Question about Cars & Trucks
96 Cadillac Eldorado battery discharges overnight, every night. The engine was replaced with a used north star engine of like kind, same year and model. The battery has been replaced with a new, fully charged battery. Car starts, runs, and then discharges overnight, every night. I drove approximately 12 miles. Amps displayed during the 12 mile drive ranged from 11.5 to 14.0 amps. Shut off motor for less than 5 minutes and battery would not start car. I placed a light between positive post and cable, and processed to remove and reinsert each fuse, one at a time. The light did not dim or turn off at anytime. The light remained fully illuminated through out all fuses being removed and reinserted! Please help! Thanks E.J. Hutchinson [email protected]
Alternator has bad diode which allows alternator drain out battery.older cars had generators with external cutout relay to keep from battery drain but bad diode cause battery drain.
Posted on Dec 27, 2012
First step have the battery tested, a bad cell can cause a internal drain and kill the battery, if the batt is ok then check for interior lights like visors that stay on or interior light that come on by themselves at night due to defective door switches.
Posted on Dec 27, 2012
SOURCE: DISCHARGE WARNING LIGHT ON
It might leave you stranded. Because without the alternator. which I think is your problem your battery will run down in a very short time. Even if you had a new battery.Check the belt first as Toyota Ed suggested. If it's good, and not broken. Replace the alternator and if you have to, the battery also. One could affect the other.
Posted on Dec 14, 2008
Try changing the fuel filter first we always change them when servicing the fuel pump anyway,its easy and cheap,if that doesnt solve the problem you will have to perform an amperage draw test on the fuel pump to insure your not replacing a good pump. Check the fuel pump relay and inertia switch and wiring also.Although possible its unlikley the fuel pump would blow a fuse consistantly without displaying any driveability problems.There may also be another component running off the fuel pump fuse have your mechanic pull a wiring diagram to find out. Good hunting keep me informed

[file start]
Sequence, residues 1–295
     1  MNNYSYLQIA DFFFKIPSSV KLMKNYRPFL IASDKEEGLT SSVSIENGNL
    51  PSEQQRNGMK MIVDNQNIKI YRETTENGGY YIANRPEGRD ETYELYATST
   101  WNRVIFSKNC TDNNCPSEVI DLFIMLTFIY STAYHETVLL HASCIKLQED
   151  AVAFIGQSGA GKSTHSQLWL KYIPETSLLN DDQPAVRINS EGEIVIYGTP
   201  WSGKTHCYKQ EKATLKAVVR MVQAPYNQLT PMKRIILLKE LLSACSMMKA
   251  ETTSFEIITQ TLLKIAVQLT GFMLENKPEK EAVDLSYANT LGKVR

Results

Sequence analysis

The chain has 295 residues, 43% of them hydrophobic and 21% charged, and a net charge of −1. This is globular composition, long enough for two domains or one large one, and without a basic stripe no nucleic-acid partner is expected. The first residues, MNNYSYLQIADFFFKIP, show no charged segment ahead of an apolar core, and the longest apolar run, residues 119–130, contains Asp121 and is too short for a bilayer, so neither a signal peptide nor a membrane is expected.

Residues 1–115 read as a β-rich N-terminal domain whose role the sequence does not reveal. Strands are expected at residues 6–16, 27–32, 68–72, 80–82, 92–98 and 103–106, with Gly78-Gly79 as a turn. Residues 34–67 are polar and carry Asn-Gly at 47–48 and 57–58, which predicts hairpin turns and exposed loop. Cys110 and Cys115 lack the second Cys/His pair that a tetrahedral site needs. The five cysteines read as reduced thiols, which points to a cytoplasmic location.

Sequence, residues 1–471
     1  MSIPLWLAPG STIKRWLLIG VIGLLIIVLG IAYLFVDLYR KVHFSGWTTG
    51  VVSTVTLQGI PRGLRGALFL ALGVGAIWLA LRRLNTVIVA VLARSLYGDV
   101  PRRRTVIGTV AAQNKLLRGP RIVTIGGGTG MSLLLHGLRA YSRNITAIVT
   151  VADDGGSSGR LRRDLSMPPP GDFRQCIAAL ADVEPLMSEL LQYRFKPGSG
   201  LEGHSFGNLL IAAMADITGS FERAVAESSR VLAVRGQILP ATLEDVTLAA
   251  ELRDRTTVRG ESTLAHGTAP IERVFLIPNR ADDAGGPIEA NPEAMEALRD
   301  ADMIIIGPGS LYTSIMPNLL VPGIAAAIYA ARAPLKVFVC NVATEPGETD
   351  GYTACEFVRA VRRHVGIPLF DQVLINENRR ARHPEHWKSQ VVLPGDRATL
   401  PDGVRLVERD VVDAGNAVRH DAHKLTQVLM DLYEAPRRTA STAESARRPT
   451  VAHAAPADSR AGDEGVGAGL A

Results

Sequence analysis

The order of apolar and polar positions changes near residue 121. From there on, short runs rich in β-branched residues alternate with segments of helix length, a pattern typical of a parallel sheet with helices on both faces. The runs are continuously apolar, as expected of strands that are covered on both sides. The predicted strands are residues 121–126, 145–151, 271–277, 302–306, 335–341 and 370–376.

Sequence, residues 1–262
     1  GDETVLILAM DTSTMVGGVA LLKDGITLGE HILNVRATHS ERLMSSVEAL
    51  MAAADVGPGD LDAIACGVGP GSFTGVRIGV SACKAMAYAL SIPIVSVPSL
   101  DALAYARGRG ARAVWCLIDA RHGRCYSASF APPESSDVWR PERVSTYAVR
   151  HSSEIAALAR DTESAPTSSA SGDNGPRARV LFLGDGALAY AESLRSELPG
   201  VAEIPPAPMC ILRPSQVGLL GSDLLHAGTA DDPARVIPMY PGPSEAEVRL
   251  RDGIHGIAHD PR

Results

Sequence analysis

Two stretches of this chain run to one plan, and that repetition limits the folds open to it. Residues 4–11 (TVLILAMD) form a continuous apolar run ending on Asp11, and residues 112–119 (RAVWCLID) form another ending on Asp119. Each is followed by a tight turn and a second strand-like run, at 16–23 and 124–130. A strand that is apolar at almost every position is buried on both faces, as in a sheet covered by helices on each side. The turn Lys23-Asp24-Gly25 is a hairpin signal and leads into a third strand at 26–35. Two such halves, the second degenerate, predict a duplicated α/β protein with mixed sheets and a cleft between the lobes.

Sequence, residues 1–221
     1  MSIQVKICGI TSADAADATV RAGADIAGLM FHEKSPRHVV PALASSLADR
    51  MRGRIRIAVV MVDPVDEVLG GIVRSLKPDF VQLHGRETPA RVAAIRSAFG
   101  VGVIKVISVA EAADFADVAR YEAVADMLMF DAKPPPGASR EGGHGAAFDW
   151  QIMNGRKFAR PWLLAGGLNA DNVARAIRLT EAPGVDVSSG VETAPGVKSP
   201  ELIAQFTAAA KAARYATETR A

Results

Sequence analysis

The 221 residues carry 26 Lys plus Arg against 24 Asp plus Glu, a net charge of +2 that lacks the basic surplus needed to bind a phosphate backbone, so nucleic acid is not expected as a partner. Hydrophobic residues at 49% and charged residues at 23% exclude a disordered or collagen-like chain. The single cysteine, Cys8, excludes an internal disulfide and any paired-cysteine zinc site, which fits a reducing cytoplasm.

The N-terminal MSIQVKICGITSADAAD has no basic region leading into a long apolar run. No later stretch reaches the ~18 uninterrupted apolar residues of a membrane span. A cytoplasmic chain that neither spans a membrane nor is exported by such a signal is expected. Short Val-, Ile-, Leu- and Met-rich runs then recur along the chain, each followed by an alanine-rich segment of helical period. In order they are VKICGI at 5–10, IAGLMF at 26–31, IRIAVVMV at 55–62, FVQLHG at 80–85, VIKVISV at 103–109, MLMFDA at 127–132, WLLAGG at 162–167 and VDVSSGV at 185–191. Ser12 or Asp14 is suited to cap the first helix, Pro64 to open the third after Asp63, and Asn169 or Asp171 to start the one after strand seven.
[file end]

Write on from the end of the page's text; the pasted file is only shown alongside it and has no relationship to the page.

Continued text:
Posted on Apr 11, 2009
SOURCE: 1996 Plymouth Grand Voyager SE
This looks like you have the fuel tank vacuum. When is in repaus, the tank is sucking some air. When you start the engine, the fuel pump is sucking the fuel from tank and if this don't have a breathing hole or if this is clog or obturated then the fuel pump cannot **** anymore fuel and the engine stops. If you let it for a period of time alone then the tank might **** some air but not enough, so the engine will start but the simptome will show again. I had this simptomes with my car. Try to remove the fuel tank cap and see if you can drive more than 6-7 miles. If so, then the special breathing air hole in the fuel tank is clog. Identify it and clean it. I am not so sure about this problem but is just an ideea. Might be helpfull, who knows? Otherwise should be a PCM problem. In this case you should make a computer test. Good luck!
Posted on Feb 16, 2011
Well it's temping to put in biggfer fuses as the problem gets worse but the size of the fuses are to keep you from burning things up so you've from your probem with a 30 amp smoke test. The raditor fan wire is melted somewhere in the wire harnes to the wire for the trck lock or even key on circirts. the likly place to look is inside the stering collum. It takes the skills of removing the steering whel and the lcok plate and even then thats does'nt have to be where the problem is. You need to look under the dash after you remove the covers and use you nose to smeel for the burnt wiring and open up any thing the smells like it's been hot and anything the appers melted together. once a harness is found melted you need to seragete all the wires in the loom but don't cut the wires justy seaparte them. once you think you've got then all pulled apart so no bear wires touch each other or any meal parts put in the correct size fuses and see if you can connect the battery with out a spark. if you can you may then start checking to see what works and what does'nt.. This all sounds like too much work or too hard to do then you'll need to pay someone theat knows alot about car wiring problems to do it for you. I'll been doing this kind of work for the last 20 years and a'm alawys finding new things that are fried and burnt up. We all charge by the hour to do this work so the most experieced mechanic that works on cars like yours will probly find and fix the problem the fastest. therefore they may charge more per hour but their likly to get it right quicker and it'll stay fixed after they fix it.. This is the most likly kind of work to go sour after it's fixed cause they might miss a circuit that you use and they did'nt try. and as soon as it burns again it's back to the drawing board and if big fuses are use the fire can take the whole car.
Posted on Apr 26, 2011
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